Kostedde did not play for West Germany again until another European Championship qualifier at home to Greece in October. He failed to score again as West Germany were held to a draw.
That was to be his last game for Die Mannschaft. By the time of the European Championship finals in Yugoslavia, his former Offenbach teammate Dieter Muller proved himself to be “the next Muller” by finishing as the tournament’s top scorer.
Kostedde, who would go on to become the leading goalscorer in France’s Ligue 1 with Laval in 1980, blames himself for failing to deliver in the national shirt. “I am totally disappointed in myself that I played so little and did not score for Germany. It was up to me, to be honest. I was just totally under-motivated.”
His life after football was to prove equally traumatic. Plagued by debt after losing career earnings of over a million deutschmarks through trusting the wrong people in investment deals, Kostedde was accused of taking part in an armed robbery at an amusement hall in Coesfeld.
At the identity parade, Kostedde was the only man presented to a witness after the police considered it improbable that they could find five other black people in the area. Following six months in custody, in which he suffered from a nervous breakdown, he was released and paid 3,000 DM compensation. “They could have given me more than 10 million DM, my life was ruined“, he said. “I never thought that something like this could happen in Germany.”
Now a pensioner living on social welfare back in Munster, he has asserted that he has nothing to do with football. “At that time, I was proud to be a national team player. Today, the boys do not know me anymore. I am treated like any other coloured person.”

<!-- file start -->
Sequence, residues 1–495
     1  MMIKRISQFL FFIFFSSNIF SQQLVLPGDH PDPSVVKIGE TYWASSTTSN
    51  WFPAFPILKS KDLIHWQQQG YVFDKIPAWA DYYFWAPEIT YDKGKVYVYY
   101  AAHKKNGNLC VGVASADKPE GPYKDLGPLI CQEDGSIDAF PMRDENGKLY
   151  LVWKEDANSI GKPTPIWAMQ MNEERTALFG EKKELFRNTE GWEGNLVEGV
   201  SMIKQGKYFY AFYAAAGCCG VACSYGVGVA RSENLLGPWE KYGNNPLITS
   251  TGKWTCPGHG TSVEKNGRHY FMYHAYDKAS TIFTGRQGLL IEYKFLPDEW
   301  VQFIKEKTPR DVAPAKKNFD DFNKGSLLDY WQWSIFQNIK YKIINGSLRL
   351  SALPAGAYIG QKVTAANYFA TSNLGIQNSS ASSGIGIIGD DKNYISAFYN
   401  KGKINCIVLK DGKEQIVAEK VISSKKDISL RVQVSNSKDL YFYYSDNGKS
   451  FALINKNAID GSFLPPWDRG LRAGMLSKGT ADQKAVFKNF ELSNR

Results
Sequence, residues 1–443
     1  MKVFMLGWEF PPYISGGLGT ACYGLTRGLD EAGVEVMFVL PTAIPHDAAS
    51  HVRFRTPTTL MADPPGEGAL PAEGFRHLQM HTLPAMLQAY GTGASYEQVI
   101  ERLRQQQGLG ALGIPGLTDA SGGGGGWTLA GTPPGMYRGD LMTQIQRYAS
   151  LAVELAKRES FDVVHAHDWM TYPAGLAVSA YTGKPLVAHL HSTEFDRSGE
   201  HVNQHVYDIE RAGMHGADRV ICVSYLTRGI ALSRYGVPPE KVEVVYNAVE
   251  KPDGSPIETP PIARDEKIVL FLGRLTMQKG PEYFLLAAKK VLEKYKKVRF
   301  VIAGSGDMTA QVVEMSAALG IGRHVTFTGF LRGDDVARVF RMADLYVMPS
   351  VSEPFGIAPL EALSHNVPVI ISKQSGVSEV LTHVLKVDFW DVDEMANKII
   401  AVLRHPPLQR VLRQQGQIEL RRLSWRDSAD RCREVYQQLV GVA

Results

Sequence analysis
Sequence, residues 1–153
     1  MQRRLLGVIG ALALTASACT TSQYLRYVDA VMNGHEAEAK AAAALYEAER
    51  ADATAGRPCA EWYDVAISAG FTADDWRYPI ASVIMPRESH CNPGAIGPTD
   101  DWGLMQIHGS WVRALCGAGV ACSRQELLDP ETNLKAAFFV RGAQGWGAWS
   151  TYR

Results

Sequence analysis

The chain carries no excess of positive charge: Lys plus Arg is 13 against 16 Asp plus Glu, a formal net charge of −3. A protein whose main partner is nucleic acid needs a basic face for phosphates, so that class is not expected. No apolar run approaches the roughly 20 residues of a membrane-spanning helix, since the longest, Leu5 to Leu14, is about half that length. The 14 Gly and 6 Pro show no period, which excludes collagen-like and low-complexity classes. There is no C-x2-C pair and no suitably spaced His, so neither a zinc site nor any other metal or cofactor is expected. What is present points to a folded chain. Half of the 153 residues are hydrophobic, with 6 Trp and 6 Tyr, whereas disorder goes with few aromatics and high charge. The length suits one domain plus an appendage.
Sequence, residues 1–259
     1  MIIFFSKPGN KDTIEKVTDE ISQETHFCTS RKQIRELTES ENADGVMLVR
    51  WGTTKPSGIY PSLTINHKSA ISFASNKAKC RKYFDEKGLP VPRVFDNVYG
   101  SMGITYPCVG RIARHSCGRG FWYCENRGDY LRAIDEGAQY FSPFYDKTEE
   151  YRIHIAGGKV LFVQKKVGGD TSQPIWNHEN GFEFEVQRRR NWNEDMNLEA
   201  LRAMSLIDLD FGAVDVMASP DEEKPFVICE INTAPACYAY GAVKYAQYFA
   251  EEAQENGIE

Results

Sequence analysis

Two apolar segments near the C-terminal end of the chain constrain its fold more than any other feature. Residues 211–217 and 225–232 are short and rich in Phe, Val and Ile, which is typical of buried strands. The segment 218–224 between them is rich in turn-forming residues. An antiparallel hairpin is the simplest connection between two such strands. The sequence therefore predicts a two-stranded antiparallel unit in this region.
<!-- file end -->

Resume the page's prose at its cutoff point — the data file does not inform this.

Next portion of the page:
In 1994, his old club Offenbach created a fanzine named Erwin in his honour. Under the motto “we have no coal [money], we cannot kick, but we can make a book,” it became a cult hit.
It is a recognition the man himself has never achieved. Speaking in 2001, Kostedde told Stern magazine about the discrimination he has faced since. “I’m waiting with my shopping basket at the supermarket checkout. Some guy says: ‘Look at what the asylum-seeker can afford.’ Sometimes I get upset and say: ‘Listen, I’m German, born here in Munster in 1946,’ and so on but that’s useless. If I had the money, I would emigrate.”
“Sometimes I talk to my wife Monique about what it would have been like if I had not become a footballer and had a job with a craft, or going to the office in the morning and home in the evening. Maybe that would have been better for me and my family.
“I have only memories of football and I cannot buy anything with that.”